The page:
January 30 2015 Latest news:
Wednesday, October 9, 2013
An agri-tech cluster taking in a wide corridor of farming communities and businesses in Suffolk, as well as Cambridgeshire and Norfolk, is set to revolutionise agriculture, a launch event will hear on Friday.
The new Norwich - Cambridge Agri-Tech Cluster is aimed at linking the world-class research capability within the two cities with the world class growing land and food and farming sectors in the neighbouring rural areas.
Alongside the launch of the cluster organisation, more details of the successful £3.2m Regional Growth Fund bid, made jointly by the two Local Enterprise Partnerships, Cambridgeshire and Norfolk County Councils will be revealed.
The Regional Growth Fund award will give businesses across the eastern region the opportunity to benefit from millions of pounds of investment and is available to relevant organisations based in Suffolk, Norfolk, Cambridgeshire, Peterborough, Rutland, Uttlesford and North Hertfordshire.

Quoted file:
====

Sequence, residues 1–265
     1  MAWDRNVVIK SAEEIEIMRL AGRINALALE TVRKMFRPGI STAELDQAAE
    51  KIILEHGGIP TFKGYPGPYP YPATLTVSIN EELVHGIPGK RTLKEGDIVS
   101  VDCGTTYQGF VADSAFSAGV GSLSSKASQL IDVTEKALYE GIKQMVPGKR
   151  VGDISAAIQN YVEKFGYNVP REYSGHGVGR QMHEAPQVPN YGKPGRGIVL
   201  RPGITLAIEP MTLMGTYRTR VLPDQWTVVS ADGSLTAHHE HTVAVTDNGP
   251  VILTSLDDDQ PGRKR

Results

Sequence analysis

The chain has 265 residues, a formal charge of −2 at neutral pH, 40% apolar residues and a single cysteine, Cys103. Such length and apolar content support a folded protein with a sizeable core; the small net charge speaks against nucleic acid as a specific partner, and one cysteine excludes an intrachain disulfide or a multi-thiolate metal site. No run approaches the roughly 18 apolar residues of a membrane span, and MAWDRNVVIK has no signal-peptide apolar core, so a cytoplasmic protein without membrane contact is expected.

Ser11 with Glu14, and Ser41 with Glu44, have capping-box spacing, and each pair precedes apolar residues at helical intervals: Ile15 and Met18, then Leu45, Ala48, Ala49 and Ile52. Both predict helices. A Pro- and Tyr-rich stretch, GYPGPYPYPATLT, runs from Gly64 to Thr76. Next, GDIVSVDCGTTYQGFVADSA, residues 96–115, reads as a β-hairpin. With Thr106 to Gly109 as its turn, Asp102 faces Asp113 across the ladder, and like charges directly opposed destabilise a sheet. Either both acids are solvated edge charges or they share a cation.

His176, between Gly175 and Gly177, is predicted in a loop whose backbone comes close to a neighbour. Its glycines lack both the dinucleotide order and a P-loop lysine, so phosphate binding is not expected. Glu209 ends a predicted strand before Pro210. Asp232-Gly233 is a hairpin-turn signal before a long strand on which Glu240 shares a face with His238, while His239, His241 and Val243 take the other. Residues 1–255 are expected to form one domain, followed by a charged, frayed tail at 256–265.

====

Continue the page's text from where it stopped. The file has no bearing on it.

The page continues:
While the cluster refers to the two cities, the cluster corridor from Cambridge to Norwich is very wide and will involve adjacent farming communities and businesses in Suffolk.
Speakers at the launch, to be held at the NIAB Innovation Farm at Histon, Cambridgeshire, will include Lord David Sainsbury , who is Chancellor of Cambridge University, and Norfolk MP George Freeman, life sciences adviser to the Government who co-ordinated the development of the UK Agri-tech Strategy, supported by Professor Mike Bevan of the John Innes Centre at Norwich Research Park, an independent, international centre of excellence in plant science and microbiology. The fund will help support small and medium businesses as well as provide investment for prototyping to turn ideas into reality. The money will also go to build a new translation centre where scientists and farmers can work together on new projects.
The unique attributes of the region leave it well placed to be at the forefront of developments in crop science which could in time help to solve the global problems of food security, as well as providing new jobs and skills for people across the region, those behind the cluster say.
The cluster is designed to bring the lab to the land and mirror the success of existing cluster organisations such as the Cambridge Network and One Nucleus.
Around 2,000 Tesco workers discovered their jobs were at risk after the supermarket giant disclosed the locations of 43 store closures including two in Essex - a Homeplus store at Chelmsford and a smaller store in Heybridge.